Not only will the price of each gwei fluctuate along with the price of the Ethereum cryptocurrency, but the amount of gwei needed for a transaction on Opensea.io will also go up or down. You can never be 100% sure of the price you will pay until you process the transaction.
That being said, you can use tools like EtherScan to see the current amount of gwei needed for the average transaction, though you will need to remember that all aspects of gas prices will change throughout the day.
Occasionally, when a trending collection goes up for sale, you may observe a gas war where the gas fees could skyrocket in price to mint a new NFT. This is due to buyers wanting to ensure their transaction is processed, so they will choose to pay gwei above current market price. Fortunately, many collection creators are aware of this issue and are taking steps to sell NFTs in a different way to prevent future gas wars.
Gas Fees and ETH 2.0
The Ethereum blockchain plans to move from a PoW (Proof of Work) algorithm to a PoS (Proof of Stake) algorithm in late 2021 or early 2022. This is known as ETH 2.0 or “Serenity.” Not only will ETH 2.0 change how the blockchain is managed, but it will increase the number of transactions it can handle to 150,000 per second, decreasing overall congestion on the network.
Serenity will also reduce the amount of energy needed to process each transaction by 99%. This will likely make gas fees on the Ethereum blockchain much more affordable and almost negligible in the grand scheme of things.
Not only will this allow you to purchase your NFTs at a more affordable rate, but it will also encourage more Defi transactions on the blockchain as a whole, making Ethereum the cryptocurrency to beat long term.
How the London Hard Fork Affected Gas Fees
On August 5, 2021, the Ethereum blockchain underwent the London Hard Fork (also known as EIP-1559). This update was to help incentivize mining overall, increase transaction speed, and reduce the gwei needed to process transactions.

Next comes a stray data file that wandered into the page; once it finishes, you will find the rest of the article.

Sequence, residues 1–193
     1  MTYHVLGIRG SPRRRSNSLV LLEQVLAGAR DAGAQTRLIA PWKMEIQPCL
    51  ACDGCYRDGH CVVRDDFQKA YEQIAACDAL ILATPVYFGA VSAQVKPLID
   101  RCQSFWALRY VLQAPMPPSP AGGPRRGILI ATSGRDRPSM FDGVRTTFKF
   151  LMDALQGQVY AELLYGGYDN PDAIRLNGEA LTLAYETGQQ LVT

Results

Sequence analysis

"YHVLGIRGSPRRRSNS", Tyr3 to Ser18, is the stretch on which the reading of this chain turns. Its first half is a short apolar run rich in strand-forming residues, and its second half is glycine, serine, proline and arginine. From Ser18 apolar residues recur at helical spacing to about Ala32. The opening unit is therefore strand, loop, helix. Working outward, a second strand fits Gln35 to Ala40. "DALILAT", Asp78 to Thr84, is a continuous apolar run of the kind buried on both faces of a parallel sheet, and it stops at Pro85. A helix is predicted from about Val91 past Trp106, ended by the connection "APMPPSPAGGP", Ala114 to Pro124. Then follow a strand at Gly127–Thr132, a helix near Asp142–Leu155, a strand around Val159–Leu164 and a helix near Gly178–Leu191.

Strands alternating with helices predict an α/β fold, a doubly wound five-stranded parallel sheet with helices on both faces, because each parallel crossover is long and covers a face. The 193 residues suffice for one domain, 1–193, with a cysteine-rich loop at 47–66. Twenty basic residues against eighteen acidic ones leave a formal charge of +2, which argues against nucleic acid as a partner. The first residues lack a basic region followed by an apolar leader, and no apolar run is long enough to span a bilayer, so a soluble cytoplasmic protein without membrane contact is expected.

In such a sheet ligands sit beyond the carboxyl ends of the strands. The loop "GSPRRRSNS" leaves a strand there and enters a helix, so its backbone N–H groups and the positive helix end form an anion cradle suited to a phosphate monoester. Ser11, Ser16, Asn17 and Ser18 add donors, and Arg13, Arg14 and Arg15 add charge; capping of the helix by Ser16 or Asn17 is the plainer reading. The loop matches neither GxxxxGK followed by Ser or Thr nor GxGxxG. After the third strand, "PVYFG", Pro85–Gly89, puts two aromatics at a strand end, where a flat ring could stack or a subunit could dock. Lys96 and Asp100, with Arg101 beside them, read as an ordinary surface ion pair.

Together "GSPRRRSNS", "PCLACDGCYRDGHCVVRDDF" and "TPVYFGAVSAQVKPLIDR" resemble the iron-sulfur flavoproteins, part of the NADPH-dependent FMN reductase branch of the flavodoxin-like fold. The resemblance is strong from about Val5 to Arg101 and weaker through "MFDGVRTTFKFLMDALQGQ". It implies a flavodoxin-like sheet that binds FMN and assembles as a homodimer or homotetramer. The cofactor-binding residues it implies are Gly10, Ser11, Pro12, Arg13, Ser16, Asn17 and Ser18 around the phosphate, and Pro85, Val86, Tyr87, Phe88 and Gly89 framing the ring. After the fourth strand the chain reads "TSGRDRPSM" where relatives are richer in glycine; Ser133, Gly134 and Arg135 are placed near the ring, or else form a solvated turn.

While many claimed this would reduce gas fees, it had little effect overall. Instead, the fork allowed people to better predict the price of fees so that they would overpay less often. There is some hope that, over time, the fork will help stabilize gas fees as a whole.
Frequently Asked Questions
Who Pays Fees On OpenSea?
The seller will pay the 2.5% transaction fee on OpenSea. If there are royalties associated with the NFT, the seller will pay those as well from the total percentage of the sale. Sellers will never have to pay more than 10% toward royalties, but this percentage will vary depending on the asset.
How Much Are Royalties on OpenSea?
NFT artists who mint on OpenSea have the option of setting royalties up to 10% of the transaction price. This means that royalty fees will vary depending on the asset in question, but can be up to 10%. Sellers will need to pay these fees on all secondary sales of the digital art.
Are There Cheaper Alternatives to OpenSea?
As far as transaction fees go, OpenSea alternatives will often charge a similar or higher fee. That being said, if you are looking to pay less in gas fees, you can look at trading NFTs on alternative blockchains. For instance, MintBase runs on the NEAR blockchain while SolSea runs on Solana. You can also eventually transfer these assets to the Ethereum blockchain using bridges.